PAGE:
Objectives: To evaluate the effect of intensive lipid-lowering treatment on coronary artery calcification in a substudy of a trial recruiting patients with calcific aortic stenosis.
Methods: In a double blind randomised controlled trial, 102 patients with calcific aortic stenosis and coronary artery calcification were randomly assigned by the minimisation technique to atorvastatin 80 mg daily or matched placebo. Coronary artery calcification was assessed annually by helical computed tomography.
Results: 48 patients were randomly assigned to atorvastatin and 54 to placebo with a median follow up of 24 months (interquartile range 24–30). Baseline characteristics and coronary artery calcium scores were similar in both groups. Atorvastatin reduced serum low density lipoprotein cholesterol (−53%, p < 0.001) and C reactive protein (−49%, p < 0.001) concentrations whereas there was no change with placebo (−7% and 17%, p > 0.95 for both). The rate of change in coronary artery calcification was 26%/year (0.234 (SE 0.037) log arbitrary units (AU)/year; n = 39) in the atorvastatin group and 18%/year (0.167 (SE 0.034) log AU/year; n = 49) in the placebo group, with a geometric mean difference of 7%/year (95% confidence interval −3% to 18%, p = 0.18). Serum low density lipoprotein concentrations were not correlated with the rate of progression of coronary calcification (r = 0.05, p = 0.62).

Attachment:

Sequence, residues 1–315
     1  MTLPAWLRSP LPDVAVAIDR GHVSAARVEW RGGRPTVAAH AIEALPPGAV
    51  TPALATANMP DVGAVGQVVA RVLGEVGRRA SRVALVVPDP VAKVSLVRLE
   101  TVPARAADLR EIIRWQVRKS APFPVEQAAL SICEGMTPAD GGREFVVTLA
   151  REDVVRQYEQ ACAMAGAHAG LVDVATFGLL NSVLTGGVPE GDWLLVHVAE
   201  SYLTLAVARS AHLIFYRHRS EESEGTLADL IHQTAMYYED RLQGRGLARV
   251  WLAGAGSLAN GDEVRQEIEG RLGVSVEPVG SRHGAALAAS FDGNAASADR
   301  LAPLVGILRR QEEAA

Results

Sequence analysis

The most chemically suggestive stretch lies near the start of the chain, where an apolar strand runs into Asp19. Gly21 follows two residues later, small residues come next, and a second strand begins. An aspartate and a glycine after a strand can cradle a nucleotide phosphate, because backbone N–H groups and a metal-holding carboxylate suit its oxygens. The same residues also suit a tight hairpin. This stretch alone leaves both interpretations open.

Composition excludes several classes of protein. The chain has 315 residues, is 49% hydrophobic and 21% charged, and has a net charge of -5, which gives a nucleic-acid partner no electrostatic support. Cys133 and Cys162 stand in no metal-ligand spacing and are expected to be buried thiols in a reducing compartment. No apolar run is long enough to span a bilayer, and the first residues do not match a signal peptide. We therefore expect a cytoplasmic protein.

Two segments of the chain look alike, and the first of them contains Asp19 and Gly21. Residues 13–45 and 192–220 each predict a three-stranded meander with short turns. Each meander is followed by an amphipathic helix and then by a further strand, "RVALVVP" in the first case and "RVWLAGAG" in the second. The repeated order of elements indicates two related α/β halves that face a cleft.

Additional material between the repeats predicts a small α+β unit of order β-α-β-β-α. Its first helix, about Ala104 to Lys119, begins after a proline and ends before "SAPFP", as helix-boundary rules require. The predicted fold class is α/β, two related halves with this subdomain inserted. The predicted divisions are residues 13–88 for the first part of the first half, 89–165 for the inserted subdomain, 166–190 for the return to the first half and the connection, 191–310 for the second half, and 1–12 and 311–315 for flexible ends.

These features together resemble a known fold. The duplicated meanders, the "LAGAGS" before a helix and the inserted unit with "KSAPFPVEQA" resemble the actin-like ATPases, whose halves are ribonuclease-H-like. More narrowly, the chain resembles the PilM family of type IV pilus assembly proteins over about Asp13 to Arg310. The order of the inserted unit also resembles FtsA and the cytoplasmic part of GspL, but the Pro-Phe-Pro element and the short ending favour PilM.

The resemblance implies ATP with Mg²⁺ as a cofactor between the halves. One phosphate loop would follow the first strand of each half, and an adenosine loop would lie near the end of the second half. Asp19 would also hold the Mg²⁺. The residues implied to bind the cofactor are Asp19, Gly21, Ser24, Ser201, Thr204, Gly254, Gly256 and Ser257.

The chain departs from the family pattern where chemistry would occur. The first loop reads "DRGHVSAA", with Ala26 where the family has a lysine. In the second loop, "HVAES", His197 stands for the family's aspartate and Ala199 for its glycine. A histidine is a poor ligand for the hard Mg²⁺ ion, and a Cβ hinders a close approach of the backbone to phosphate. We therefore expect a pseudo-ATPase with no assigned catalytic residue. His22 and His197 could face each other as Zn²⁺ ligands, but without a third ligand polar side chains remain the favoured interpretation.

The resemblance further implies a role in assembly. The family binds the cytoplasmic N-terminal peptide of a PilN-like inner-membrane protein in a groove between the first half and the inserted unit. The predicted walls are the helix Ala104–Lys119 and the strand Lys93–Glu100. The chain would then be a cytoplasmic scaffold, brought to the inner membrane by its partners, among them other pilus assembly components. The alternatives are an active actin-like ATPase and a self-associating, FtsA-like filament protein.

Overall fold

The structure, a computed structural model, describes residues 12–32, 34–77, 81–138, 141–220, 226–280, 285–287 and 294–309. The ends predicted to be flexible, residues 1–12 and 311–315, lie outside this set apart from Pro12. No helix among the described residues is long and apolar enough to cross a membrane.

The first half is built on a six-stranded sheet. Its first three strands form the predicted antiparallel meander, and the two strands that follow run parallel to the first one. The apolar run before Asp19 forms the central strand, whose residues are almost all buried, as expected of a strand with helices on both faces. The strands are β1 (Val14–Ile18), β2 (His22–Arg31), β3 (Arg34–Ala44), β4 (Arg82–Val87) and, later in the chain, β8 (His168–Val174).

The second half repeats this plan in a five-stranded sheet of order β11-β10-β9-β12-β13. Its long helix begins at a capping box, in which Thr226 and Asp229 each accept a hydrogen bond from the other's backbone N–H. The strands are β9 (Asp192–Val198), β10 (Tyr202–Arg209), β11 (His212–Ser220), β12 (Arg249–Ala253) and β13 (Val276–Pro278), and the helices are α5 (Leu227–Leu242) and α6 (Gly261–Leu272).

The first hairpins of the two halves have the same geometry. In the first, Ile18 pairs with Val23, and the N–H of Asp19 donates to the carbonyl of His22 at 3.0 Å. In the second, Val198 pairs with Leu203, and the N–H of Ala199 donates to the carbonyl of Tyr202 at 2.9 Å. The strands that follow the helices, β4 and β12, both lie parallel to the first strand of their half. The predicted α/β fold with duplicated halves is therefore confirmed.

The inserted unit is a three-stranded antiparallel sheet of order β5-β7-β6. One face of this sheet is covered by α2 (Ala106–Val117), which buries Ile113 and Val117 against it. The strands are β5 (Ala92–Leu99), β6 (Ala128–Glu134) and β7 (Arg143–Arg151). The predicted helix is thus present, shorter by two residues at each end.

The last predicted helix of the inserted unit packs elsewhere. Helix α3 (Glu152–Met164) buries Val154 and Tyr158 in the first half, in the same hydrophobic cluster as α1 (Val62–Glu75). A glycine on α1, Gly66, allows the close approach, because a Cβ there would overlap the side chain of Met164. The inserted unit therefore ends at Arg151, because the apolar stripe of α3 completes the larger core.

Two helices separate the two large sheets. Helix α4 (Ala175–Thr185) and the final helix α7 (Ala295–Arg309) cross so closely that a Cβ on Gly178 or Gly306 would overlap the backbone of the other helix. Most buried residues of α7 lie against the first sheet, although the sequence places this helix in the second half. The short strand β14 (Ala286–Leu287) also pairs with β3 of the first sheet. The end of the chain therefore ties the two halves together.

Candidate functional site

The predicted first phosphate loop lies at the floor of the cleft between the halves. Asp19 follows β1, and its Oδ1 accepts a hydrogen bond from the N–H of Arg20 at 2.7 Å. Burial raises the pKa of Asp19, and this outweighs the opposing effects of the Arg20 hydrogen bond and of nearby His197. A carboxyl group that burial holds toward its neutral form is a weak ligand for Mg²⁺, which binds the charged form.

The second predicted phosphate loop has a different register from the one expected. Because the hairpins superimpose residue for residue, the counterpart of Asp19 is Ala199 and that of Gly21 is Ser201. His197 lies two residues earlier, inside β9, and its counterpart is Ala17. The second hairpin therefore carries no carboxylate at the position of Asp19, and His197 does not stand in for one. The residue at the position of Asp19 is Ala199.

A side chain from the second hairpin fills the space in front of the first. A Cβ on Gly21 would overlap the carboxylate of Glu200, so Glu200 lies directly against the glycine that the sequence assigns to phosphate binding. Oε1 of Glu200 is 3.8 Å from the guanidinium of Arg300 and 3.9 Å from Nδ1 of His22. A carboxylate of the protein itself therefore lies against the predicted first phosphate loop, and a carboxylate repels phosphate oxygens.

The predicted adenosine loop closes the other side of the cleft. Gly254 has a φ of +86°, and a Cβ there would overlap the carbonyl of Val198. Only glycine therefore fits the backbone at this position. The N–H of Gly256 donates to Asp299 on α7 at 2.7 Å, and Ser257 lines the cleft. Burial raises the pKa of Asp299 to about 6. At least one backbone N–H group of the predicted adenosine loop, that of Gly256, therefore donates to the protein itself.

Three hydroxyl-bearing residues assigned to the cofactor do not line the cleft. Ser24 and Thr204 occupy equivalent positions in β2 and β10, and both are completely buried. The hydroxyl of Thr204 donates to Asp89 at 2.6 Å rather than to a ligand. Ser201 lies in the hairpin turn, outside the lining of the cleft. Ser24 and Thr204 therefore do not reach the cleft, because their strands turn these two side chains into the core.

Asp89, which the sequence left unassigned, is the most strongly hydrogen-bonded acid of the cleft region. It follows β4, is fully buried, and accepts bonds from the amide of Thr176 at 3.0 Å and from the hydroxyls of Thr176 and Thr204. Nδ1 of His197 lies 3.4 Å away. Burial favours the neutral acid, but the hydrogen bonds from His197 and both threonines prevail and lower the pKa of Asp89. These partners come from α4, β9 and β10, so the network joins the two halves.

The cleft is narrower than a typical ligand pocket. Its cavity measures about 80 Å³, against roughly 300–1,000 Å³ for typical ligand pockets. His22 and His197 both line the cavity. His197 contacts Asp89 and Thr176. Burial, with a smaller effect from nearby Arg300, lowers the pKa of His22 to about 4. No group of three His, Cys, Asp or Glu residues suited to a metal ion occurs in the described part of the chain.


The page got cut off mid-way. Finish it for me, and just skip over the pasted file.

Conclusion: In contrast to previous observational studies, this randomised controlled trial has shown that, despite reducing systemic inflammation and halving serum low density lipoprotein cholesterol concentrations, statin treatment does not have a major effect on the rate of progression of coronary artery calcification.
- AU, arbitrary units
- BELLES, Beyond Endorsed Lipid Lowering with EBT Scanning
- CRP, C reactive protein
- LDL, low density lipoprotein
- SALTIRE, Scottish Aortic Stenosis Lipid Lowering Therapy, Impact on Regression
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